So I arrived at Leia’s house at noon. Everyone was busy preparing food out back on the seaside. Of course the men were drinking as the do most of the men during the Fiesta. Meanwhile Leia made me a couple of special dishes. She fried up some egg rolls that were already prepared. She also fried up a few pork ribs. With this I had the much looked forward to Filipino fruit salad. This is cut up fruit pieces from a can of mixed fruit in heavy syrup. To this a ton of mayonnaise is mixed in and sometimes some shredded green coconut and perhaps some macaroni. Funny that this should always be the desert of choice to Filipinos.

Food of the Fiesta

Well, I might as well get the food part of this out of the way now. Filipino fiesta food and food for special occasions is almost always multiple kinds of pork dishes. For example this afternoon the table was laid buffet style so that everyone took a plate and fork and spoon. (Another Filipino oddity, there is never a butter knife or anything you can cut with included in the silverware setting.) There was the inevitable huge plate of rice. Then there were sundry other bowls, 3 contained pork soup, 3 pork intestines, 3 pork stew – a mixture of carrots, pieces of pork and pork fat and some other cut up vegetables; often there are other variations of pork dishes as well. For families who can afford the addition of lechon, there may be a whole roasted pig on a platter. If this is the case then there will be a communal knife sticking in the pig’s back with which to carve pieces of skin, fat and meat. One thing I really have a hard time with is the huge amounts of plain pig fat that people consume. When I go to the market people seem not to notice that one can buy pork meat rather lean or with lots of fat. Seems to make no difference to most Filipinos. In addition to all the pork dishes there will also be the fruit salad mentioned above and either sponge cake or perhaps some kind of pound cake and perhaps a custard cake. Note the lack of any kind of potato or vegetable dish.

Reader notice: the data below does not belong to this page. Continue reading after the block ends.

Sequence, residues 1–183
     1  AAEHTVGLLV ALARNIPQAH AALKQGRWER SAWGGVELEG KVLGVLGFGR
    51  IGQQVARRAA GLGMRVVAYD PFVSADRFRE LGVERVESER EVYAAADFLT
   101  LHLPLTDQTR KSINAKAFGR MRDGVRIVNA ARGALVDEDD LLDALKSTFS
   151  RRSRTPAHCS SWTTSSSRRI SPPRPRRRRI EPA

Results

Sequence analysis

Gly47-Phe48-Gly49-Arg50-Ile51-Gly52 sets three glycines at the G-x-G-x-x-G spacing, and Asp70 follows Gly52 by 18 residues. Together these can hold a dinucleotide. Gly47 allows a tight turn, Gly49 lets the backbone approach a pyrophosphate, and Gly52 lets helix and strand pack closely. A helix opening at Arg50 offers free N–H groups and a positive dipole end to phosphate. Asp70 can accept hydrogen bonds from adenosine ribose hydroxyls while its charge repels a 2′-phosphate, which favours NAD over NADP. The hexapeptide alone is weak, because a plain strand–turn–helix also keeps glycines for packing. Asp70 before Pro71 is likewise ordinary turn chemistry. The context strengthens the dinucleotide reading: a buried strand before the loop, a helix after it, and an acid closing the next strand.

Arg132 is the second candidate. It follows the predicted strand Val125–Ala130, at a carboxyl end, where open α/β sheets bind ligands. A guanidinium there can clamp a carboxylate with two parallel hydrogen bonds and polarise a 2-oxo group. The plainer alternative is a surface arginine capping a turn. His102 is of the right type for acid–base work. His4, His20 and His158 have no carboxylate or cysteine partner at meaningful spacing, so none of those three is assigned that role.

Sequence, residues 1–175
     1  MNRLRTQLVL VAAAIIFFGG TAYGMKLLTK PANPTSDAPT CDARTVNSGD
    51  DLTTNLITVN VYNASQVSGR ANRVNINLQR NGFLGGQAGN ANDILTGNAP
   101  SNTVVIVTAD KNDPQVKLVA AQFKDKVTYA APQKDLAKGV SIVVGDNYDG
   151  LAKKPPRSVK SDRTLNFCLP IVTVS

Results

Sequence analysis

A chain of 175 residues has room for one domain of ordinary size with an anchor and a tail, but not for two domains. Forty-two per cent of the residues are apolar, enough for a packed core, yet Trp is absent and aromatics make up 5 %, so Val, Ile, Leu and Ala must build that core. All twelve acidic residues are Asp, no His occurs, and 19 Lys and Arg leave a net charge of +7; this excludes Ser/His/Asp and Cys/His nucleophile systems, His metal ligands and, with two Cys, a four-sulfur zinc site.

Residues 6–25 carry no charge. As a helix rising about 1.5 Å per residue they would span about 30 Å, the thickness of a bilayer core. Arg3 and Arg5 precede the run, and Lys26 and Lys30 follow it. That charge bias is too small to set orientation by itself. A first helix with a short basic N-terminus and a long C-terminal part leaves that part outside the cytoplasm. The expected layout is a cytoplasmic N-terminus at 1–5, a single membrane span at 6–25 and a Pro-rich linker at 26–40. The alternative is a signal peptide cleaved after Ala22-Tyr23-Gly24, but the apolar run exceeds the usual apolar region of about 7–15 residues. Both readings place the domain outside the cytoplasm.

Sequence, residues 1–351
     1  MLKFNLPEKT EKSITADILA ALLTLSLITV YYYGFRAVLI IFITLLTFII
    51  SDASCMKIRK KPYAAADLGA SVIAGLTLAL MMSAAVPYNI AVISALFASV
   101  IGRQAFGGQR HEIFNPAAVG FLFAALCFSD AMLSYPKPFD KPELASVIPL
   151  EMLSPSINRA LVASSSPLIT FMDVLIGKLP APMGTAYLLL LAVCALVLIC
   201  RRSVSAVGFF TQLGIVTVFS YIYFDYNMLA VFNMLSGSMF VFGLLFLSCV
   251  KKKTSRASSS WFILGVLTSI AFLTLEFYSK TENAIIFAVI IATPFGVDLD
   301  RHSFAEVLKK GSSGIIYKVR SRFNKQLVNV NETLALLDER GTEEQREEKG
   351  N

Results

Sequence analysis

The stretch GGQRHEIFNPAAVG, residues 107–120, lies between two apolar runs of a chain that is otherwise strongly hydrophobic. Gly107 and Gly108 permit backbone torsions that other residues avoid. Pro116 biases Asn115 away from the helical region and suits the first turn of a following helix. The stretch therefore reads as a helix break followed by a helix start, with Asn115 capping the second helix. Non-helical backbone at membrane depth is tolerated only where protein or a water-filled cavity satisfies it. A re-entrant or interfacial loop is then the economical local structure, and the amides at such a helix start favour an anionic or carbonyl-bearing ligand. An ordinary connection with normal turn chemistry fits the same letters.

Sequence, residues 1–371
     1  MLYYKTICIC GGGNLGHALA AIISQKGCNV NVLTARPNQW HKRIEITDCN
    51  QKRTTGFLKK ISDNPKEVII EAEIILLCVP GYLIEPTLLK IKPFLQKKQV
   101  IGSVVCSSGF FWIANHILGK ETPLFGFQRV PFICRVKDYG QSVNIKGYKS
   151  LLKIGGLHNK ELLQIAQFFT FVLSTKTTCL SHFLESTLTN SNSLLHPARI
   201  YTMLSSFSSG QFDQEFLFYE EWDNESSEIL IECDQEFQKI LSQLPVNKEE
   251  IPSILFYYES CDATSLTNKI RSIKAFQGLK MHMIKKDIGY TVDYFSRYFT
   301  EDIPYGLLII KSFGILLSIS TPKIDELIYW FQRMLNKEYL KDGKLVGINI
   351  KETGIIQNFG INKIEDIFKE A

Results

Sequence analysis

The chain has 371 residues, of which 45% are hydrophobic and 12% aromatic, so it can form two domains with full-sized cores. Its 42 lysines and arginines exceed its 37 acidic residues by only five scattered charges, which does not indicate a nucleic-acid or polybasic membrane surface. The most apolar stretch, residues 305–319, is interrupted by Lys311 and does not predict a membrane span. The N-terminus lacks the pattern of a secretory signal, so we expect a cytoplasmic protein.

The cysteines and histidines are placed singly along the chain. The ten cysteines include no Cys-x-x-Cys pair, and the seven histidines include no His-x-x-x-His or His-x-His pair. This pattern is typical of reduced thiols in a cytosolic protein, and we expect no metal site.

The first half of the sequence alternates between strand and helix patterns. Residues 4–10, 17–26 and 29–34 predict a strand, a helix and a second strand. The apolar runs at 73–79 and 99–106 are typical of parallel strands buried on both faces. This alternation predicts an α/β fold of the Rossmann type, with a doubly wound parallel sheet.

However you may find a loaf of plain white bread for some unknown reason. So that’s the party food for Fiesta and most Filipino special events.

Drinking at the Fiesta

The Filipino fiesta would not be complete without the full complement of drinking that goes along with it. There are a number of favourite drinks. First and foremost is tuba. Tuba is the fermented wine from the sap of the coconut tree. It sells for $1/gallon. A man climbs the coconut tree early in the morning to siphon off the sap from the top of the tree. He usually climbs the tree with a hollow bamboo container to put the sap in. This job is no joke. Last year I attended the funeral of a man who fell off of a coconut tree. Climbing is not the only danger from the tree. When Leia and I were walking through the town, a coconut fell missing me by inches. This also is no joke. These coconuts must weigh in with husk and nut inside at about 6 to 10 pounds or so. Falling from a height of some 20 to 30 feet, well what can I say. At the very least that would case a severe headache. When the tuba is newly harvested, it is a rather sweetish substance, but between the morning and the evening or one or 2 days at the most, it will turn from a sweet syrup of a drink to an increasingly strong alcohol and thence to vinegar. Not understanding the rapid fermentation process of tuba, I once put some in a coke bottle and carried it with me to a friend’s house. When I tried to open the bottle, the bottle erupted from the intense pressure inside. Tuba is often mixed with Coke.